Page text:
Entrepreneurial Competition and Industrial Location: Investigating the Structural Patterns and Intangible Sources of Competitive Performance

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Edward Elgar, 2001 - Business & Economics - 200 pages
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Entrepreneurial Competition and Industrial Location explores the notion of entrepreneurial competition from its theoretical foundations in early Austrian and contemporary evolutionary economics. Focusing on the structural development of the intangible factors of production such as labour skills, advertising and research and development, the book's empirical implications are tested in a comparative study of competitive performance in the EU, Japan and the USA. Typical mechanisms of external spillovers, shaping industrial location by means of Marshallian cluster formation, highlight the dimension of industrial location. Peneder finally employs the three evolutionary principles of variation, cumulation and selection to establish entrepreneurship, learning and fair markets as the main pillars of modern competitiveness policy. This volume paves the way for a better understanding of the market process, demonstrating the importance of intangible factors as sources of competitive advantage both by conclusive theoretical argument and careful empirical investigation.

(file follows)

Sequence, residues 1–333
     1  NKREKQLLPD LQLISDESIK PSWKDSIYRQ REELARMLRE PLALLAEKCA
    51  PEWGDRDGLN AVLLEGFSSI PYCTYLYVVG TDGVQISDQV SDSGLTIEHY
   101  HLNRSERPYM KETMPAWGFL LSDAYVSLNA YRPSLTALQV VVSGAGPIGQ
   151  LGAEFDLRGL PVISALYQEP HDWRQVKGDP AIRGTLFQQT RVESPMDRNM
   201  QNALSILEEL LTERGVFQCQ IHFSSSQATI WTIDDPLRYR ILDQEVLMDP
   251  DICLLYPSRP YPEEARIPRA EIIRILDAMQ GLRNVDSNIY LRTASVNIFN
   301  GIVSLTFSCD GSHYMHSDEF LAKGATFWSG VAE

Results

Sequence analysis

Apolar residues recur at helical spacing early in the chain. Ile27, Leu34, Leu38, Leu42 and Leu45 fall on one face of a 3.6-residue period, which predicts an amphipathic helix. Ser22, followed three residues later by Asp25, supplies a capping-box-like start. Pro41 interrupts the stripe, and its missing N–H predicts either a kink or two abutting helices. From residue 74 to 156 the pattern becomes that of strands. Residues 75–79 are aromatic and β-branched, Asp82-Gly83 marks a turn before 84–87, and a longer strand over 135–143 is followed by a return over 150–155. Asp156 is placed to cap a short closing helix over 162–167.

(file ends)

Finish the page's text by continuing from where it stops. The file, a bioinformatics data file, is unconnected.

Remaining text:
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Entrepreneurial Competition
The Organization of Knowledge
Intangible Investment and Human Resources

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About the author (2001)

Michael Peneder, Austrian Institute of Economic Research (WIFO), Vienna, Austria

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